Three more examples of Trollope’s use of the sympathy device. The Way We Live Now is Trollope’s angriest novel (disclaimer: that I have read).
First, the inversion and eventual removal of sympathy, Trollope playing against the natural tendency to fall in line with the interests of whichever character happens to be in front of me. Some of the funniest scenes star a group of degenerate proto-Wodehouse characters, dissolute noblemen squandering their money, status, and livers. Bertie without Jeeves and with a gambling problem.
One of them describes their club:
“Not a vestige of propriety, or any beastly rules to be kept! That’s what I liked,” said Nidderdale. (Ch. 96)
I know Trollope well enough to know that in the ethos of his novels, these are the words of a monster. And Nidderdale is hardly the worst of them.
A different one, worse but also not the worst, Felix Carbury, gets the most attention, the closest interior inspection. Trollope gives him a chance to reform. The key moment is when he discovers that a friend cheats at cards and is bothered. Perhaps cheating at cards is wrong. And if that is wrong, a number of ideas follow. Trollope brings the character, and my sympathy, up to a precipice. Do we dare jump?
The villain of the novel, Melmotte the financier, is a blank for most of the novel, but Trollope eventually takes him up, too. In ordinary terms, the possibilities for sympathy are limited here. Trollope even waits until he has committed a plain crime to spend time alone with him. A character in Orley Farm (1862) commits a similar crime, yet receives the full sympathetic attention of the narrator. Melmotte is allowed to induce pity while also indicting himself. And even the narrator will not quite follow him to the end of his story. No, reader, I will not put you in danger by suggesting you pity that. A bit like what George Eliot does in Adam Bede, but with an easier case.
The complex case in The Way We Live Now is that of Georgiana Longestaffe, an aging (you know, 28) aristocrat who has priced herself too high in the marriage market and is ready to start cutting deals. Georgiana is awful – sarcastic, peevish, petty, shallow. Hilarious as a background character, but what a surprise when I found that she got her own subplot. What a character to spend time with. I knew that The Way We Live Now had an anti-Jewish component; it is pretty much entirely contained in this subplot. One way to create sympathy around a bad person is to make everyone around her worse. The narrator, usually plenty chatty, keeps his mouth shut during these scenes.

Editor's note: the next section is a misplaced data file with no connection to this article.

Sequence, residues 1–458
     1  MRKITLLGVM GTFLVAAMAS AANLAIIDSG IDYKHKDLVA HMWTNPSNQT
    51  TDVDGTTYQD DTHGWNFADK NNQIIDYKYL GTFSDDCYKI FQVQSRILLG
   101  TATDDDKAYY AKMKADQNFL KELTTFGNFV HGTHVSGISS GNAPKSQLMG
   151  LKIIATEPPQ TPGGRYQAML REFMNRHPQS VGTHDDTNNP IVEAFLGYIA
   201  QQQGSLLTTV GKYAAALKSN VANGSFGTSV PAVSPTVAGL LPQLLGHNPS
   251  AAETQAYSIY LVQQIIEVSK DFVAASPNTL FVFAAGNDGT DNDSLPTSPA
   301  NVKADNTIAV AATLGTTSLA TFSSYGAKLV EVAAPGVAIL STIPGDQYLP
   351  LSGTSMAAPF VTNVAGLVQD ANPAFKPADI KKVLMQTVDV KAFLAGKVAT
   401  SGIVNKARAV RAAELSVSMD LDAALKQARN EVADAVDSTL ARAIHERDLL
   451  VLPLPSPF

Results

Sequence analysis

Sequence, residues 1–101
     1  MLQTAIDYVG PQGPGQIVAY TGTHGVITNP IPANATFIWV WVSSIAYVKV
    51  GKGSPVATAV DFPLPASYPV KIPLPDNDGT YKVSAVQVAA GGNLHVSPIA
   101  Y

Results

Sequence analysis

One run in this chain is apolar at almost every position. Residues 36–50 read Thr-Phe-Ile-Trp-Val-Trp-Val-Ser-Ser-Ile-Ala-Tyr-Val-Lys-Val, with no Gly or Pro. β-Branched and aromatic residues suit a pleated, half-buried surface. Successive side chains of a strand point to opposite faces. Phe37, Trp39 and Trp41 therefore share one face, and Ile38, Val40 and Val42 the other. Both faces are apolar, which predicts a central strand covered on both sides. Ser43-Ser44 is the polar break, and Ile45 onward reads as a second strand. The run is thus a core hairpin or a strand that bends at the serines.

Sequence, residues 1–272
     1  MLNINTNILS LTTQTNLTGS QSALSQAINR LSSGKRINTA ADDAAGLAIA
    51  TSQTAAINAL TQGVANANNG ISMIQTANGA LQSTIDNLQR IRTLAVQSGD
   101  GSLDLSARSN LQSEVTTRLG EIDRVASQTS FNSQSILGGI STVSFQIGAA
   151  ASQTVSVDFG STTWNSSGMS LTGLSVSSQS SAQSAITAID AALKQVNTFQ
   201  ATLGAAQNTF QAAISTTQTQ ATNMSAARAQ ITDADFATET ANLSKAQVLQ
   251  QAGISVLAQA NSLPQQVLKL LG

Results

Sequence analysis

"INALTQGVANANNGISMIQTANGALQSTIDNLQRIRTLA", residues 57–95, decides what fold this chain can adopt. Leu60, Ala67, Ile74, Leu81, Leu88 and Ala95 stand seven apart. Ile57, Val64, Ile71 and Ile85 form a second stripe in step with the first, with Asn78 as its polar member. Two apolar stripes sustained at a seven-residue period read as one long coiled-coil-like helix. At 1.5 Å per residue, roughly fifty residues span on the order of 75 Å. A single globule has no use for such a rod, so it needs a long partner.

By the end, I had plenty of sympathy for horrible Georgiana, who was making the best of a bad hand. Well done, Trollope.
Georgiana’s subplot was cruel, in the fictional sense. The Way We Live Now is Trollope’s cruelest novel (disclaimer as above). It is most exquisitely cruel in this line, near the end:
How Mr. Flatfleece went to law, and tried to sell the furniture, and threatened everybody, and at last singled out poor Dolly Longestaffe as his special victim; and how Dolly Longestaffe, by the aid of Mr. Squercum, utterly confounded Mr. Flatfleece, and brought that ingenious but unfortunate man, with his wife and small family, to absolute ruin, the reader will hardly expect to have told to him in detail in this chronicle. (Ch. 96)
Dolly Longestaffe is Georgiana’s appalling brother. Mr. Flatfleece is nobody, just a name and a function, turned into a character, barely, with one phrase just before his ruin, along with a “wife and small family” who are introduced only to be instantaneously crushed by the narrator, who blames the unfeeling, impatient reader, me.
The question for me now is: did Trollope become angrier and crueler in spite of his gentleness towards his earlier characters, or because of it? Does sympathy destroy sympathy?